SHARE
Tax statement. Flickr

Whenever the Twitter horde sets its sights on taxes or the budget, a stunning amount of mis­in­for­mation follows. People have little or no under­standing of terms many econ­o­mists and politi­cians throw around con­stantly and this became increas­ingly apparent during my dis­cus­sions with others on Twitter regarding the tax exemption for col­leges who do not receive federal funding, such as Hillsdale.

Behind all the rhetoric was the basic mis­con­ception that somehow a tax exemption is the same thing as a “handout.” Anyone who under­stands basic public policy knows this is false. Those who mis­un­der­stand equate not taking money (tax exemption) from an entity to giving that entity tax­payer money (sub­sidies, handouts, ear­marks, grants, etc.).  

Imagine two sce­narios: one in which your company is tax exempt and another in which your company pays a 25 percent tax rate on your profits but then receive a subsidy equal to the amount you were taxed.  If your company makes $1 million in profits, then many people’s under­standing would say that in both sce­narios yield the same result.  

Though the company tech­ni­cally receives all $1 million in both sce­narios, the second has hidden costs for both the company and the gov­ernment. The company must cal­culate all its taxes in the second sce­nario, making the company either divert some of its current workers or employ new workers in order to comply with the tax­ation, increasing costs. The IRS then must process the taxes and do its own cal­cu­la­tions to ensure your company is com­plying with the 25 percent tax rate.  Another agency then must process the subsidy back to your company.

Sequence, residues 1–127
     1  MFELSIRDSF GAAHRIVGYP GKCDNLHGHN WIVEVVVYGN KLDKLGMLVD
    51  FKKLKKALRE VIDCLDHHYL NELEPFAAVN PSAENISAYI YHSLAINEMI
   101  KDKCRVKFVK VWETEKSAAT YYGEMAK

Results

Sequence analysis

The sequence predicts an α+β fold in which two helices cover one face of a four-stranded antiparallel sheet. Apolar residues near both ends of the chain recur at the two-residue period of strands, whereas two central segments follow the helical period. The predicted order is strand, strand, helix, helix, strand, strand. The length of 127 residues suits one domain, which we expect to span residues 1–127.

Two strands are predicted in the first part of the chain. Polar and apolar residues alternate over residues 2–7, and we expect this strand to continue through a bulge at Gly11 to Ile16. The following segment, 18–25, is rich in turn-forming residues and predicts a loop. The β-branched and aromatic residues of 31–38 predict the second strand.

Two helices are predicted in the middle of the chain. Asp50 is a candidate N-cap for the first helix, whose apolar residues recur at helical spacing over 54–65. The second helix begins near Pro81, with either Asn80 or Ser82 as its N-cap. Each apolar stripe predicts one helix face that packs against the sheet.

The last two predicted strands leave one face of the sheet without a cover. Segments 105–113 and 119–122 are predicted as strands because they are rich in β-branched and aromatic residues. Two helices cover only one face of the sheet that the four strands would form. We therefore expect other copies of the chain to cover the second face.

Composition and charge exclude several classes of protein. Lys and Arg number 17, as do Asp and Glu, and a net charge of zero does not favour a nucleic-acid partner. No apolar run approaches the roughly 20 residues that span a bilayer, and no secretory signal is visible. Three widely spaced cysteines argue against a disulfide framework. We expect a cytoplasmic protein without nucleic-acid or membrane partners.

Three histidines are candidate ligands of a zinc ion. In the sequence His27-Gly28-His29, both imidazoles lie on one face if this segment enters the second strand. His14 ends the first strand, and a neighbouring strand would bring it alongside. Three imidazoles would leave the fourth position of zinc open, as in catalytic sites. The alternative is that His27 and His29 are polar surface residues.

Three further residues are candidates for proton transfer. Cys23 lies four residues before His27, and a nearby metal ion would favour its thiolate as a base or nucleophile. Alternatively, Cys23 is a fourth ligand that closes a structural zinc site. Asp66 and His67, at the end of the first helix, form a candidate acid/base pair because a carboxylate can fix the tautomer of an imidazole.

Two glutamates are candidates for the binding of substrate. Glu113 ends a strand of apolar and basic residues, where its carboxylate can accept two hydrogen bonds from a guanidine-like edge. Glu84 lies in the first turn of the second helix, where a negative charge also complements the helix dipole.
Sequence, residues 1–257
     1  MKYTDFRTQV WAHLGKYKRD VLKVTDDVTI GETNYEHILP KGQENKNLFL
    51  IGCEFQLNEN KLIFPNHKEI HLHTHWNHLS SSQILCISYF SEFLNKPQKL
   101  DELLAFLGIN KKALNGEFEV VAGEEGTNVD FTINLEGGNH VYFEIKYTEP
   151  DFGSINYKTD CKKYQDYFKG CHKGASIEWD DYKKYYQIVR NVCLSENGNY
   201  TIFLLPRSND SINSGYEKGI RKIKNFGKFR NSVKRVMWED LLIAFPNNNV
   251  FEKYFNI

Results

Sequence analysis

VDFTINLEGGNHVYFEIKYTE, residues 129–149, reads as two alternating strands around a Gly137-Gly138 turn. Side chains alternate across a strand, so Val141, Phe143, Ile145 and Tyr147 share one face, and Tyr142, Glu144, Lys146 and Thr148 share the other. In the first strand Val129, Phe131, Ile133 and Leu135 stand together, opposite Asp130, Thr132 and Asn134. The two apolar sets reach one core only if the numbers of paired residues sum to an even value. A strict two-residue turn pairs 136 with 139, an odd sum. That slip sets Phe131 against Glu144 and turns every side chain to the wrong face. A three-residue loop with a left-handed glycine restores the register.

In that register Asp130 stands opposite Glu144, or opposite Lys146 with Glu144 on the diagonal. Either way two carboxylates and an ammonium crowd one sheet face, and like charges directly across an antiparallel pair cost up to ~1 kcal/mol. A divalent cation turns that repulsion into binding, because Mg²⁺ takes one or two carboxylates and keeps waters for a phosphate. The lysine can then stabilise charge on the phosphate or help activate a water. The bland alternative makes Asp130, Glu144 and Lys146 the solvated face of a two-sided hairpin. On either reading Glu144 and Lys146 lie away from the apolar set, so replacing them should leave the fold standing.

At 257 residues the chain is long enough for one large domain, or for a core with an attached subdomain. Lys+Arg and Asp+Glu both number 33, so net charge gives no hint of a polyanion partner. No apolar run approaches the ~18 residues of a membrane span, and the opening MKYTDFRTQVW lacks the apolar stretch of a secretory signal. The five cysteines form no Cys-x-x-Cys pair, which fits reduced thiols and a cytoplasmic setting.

This bureau­cratic round­about process causes unnec­essary costs for both the company and the gov­ernment. This sce­nario is not unre­al­istic. Col­leges that receive federal funding undergo a very similar sit­u­ation with the imple­men­tation of the college endowment tax; they pay money to the gov­ernment just to get money back. Col­leges that don’t receive federal funding instead just pay taxes then and receive nothing back. This incen­tivizes col­leges and com­panies to lobby for federal money because they going to get taxed anyway.

Often, tax exemp­tions often protect estab­lished interests and lob­byists. All of these policies are inter­ven­tions and distort the market, even if tax exemp­tions are more effi­cient than sub­sidies.  Know the dif­ference between the policies, but also know that the same power to grant an exemption or subsidy to your favored group grants the gov­ernment to choose who wins and who loses. 

If we want a thriving economy, the answer is not for the gov­ernment to pick its favorites, granting special priv­i­leges, exemp­tions, and sub­sidies to com­panies who agree to hire more workers, build a factory in an area, etc. Instead, we must reduce taxes for all and cut reg­u­la­tions while we’re at it. Let con­sumers pick who wins and who loses.  

When com­panies must cater to the con­sumer and not the gov­ernment, the lob­byists will no longer control our economy.  Tax exemp­tions must not be con­fused with handouts and sub­sidies, but they also must not be con­fused with the power of the market process.